At wide receiver, someone is going to have to step up

One of the biggest storylines this season will be who will take over as the No. 1 wide receiver. With Anthony Ratliff-Williams gone, there are a number of options including Dazz Newsome, Beau Corrales, Dyami Brown and others.

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North Carolina wide receiver Beau Corrales (15) pulls in a pass reception during the Tar Heels’ first practice of the season on Friday, August 2, 2019 at the Football Practice Complex in Chapel Hill, N.C. Robert Willett rwillett@newsobserver.com

Each of the receivers worked some with the quarterbacks catching passes and running routes. Newsome, who led UNC with 44 catches last season, said he’s trying to take that spot.

“Most definitely,” he said. “We’re trying to out-beat each other. All of us are fighting for a spot, just like the quarterbacks are fighting for a spot.”

Newsome, who is 5-11, 190 pounds, had 506 receiving yards and two touchdowns to go with his 44 catches in 2018.

After gruesome injury in 2018, Antoine Green is back

It was good to see Antoine Green back on the practice field after he suffered a gruesome foot injury in 2018. The injury was never explained, but Green appeared to break his ankle last season in the third quarter of UNC’s game against Syracuse on Oct. 20, 2018.

Before the injury, the then-freshman, who was a four-star prospect in high school, was having one of his best games of the season. He had two catches for 32 yards, including a 23-yard catch.

Surgery on his foot started a long road to recovery. But on Friday, Green was back, and made a few catches in practice.

Running backs were about business

The running backs will likely be the strongest unit on the field. Junior Michael Carter was back from a hand injury he suffered in the spring. And both senior Antonio Williams and sophomore Javonte Williams appeared in good shape.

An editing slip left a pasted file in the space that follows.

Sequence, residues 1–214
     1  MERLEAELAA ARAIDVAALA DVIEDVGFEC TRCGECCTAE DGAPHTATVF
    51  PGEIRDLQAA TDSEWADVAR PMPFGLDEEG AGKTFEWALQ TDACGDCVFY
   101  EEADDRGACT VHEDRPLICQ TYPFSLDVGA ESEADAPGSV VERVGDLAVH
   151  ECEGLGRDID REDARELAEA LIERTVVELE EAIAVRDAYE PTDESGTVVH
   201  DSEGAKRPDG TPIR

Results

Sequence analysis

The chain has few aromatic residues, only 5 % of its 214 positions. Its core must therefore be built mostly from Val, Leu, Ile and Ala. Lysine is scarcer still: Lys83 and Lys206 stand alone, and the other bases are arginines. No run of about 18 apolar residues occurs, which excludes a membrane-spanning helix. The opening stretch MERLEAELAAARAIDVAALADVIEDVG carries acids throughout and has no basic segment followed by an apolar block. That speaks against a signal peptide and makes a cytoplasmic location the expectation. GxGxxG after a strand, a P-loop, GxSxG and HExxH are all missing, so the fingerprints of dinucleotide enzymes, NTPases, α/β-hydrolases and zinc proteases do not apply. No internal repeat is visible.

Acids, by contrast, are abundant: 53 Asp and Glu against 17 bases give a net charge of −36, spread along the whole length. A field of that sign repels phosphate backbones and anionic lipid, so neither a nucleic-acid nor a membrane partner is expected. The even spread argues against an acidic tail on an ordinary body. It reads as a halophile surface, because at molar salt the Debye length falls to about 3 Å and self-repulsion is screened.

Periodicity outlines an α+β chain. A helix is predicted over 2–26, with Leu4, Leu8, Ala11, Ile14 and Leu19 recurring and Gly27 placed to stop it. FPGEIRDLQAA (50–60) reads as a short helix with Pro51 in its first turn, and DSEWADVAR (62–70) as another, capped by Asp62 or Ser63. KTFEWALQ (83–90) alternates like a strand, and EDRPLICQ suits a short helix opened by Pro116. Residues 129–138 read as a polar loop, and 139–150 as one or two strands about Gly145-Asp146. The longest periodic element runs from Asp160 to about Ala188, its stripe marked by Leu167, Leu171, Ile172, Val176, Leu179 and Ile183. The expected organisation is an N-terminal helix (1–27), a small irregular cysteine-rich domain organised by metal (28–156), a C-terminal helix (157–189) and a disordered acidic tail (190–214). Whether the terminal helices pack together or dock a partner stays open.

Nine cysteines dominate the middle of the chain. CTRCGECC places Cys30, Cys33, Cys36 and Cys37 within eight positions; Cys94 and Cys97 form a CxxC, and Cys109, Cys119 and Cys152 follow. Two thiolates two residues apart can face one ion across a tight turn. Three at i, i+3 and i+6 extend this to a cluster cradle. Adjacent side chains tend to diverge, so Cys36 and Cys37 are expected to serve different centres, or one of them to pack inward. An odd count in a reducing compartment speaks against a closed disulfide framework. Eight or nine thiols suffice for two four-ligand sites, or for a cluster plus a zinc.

The three running backs were UNC’s best running backs last season, too. Having those three run the ball well will take pressure off the passing game, which is crucial in the Air Raid offense.

Strowbridge hasn’t missed a beat

Jason Strowbridge, a 6-4, 285-pound defensive lineman, was impressive in his first day back from injury, Brown said.

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North Carolina defensive lineman Jason Strowbridge (55) takes out a blocking dummy during a drill at the Tar Heels’ first practice of the season on Friday, August 2, 2019 at the Football Practice Complex in Chapel Hill, N.C. Robert Willett rwillett@newsobserver.com

Strowbridge suffered a foot injury and did not practice in the spring. Last season, he was one of UNC’s best players. He had 36 tackles, 5.5 sacks, 7.5 tackles for loss and a blocked kick.

“Strowbridge, I’ve never seen him before today, except on film,” he said. “He’s really quick and he’s big and he’s got the long arms for pass rush. Our guys had trouble blocking him in the pass-rush drills.”

Kicking game worries Brown

Brown is worried about the kicking game. He said the kicking was inconsistent. UNC kicker Freeman Jones, who was a senior last season, graduated, so someone new will have to step up.

“The kickoffs were good, but we missed a couple of field goals and that’s unacceptable in shorts the first day back,” Brown said. “So that’s really something we’ve got to consider.”

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Jonathan M. Alexander has been covering the North Carolina Tar Heels since May 2018. He previously covered Duke basketball and recruiting in the ACC. He is an alumnus of N.C. Central University.